The term standard siren has been coined for the use of GW detections in the manner of a standard candle, e.g., to determine the Hubble constant. The word "siren" is used rather than "candle" to indicate that it is not based upon the brightness of light (EMR), but from characteristics of the GW transient's chirp. Though obviously of use in building the cosmic distance ladder, it is an independent measurement, i.e., it is a long distance measurement that is not dependent upon the ladder of other shorter distance measurements.
Though the EMR brightness is not key to the use of a standard siren, observed characteristics can be used to refine the measurement, making GW events that produce EMR (e.g., neutron star mergers) the most useful: its indication of a more precise direction of the event reduces the distance error bars, and models of the type of event (e.g., kilonovae) can relate observable characteristics to specific orbital inclinations, also a factor in the distance determination from the chirp.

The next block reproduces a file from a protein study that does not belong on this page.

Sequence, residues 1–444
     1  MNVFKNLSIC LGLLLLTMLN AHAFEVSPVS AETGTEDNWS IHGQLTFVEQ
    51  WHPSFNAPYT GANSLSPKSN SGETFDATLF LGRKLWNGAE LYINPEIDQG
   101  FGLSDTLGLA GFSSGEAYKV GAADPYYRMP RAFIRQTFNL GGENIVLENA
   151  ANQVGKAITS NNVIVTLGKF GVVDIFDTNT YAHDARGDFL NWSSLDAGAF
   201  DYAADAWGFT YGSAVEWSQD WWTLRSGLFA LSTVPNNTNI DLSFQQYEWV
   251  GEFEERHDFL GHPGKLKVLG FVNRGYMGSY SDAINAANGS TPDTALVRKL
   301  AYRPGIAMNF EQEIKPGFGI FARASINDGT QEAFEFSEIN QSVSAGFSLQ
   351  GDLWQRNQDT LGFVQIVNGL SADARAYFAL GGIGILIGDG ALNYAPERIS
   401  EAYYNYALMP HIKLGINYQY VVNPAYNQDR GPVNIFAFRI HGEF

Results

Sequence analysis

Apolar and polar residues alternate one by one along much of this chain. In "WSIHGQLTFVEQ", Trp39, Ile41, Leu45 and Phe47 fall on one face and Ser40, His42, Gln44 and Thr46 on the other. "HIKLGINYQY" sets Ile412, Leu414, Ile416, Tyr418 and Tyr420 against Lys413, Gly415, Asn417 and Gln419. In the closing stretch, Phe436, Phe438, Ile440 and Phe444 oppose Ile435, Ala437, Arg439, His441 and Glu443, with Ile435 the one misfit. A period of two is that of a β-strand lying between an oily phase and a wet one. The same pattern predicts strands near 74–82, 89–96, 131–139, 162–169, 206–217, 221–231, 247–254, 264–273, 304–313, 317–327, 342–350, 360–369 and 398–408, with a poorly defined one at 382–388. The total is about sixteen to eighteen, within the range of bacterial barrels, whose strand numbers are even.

As the number of such detections grows, error bars on the determination of the Hubble constant will shrink.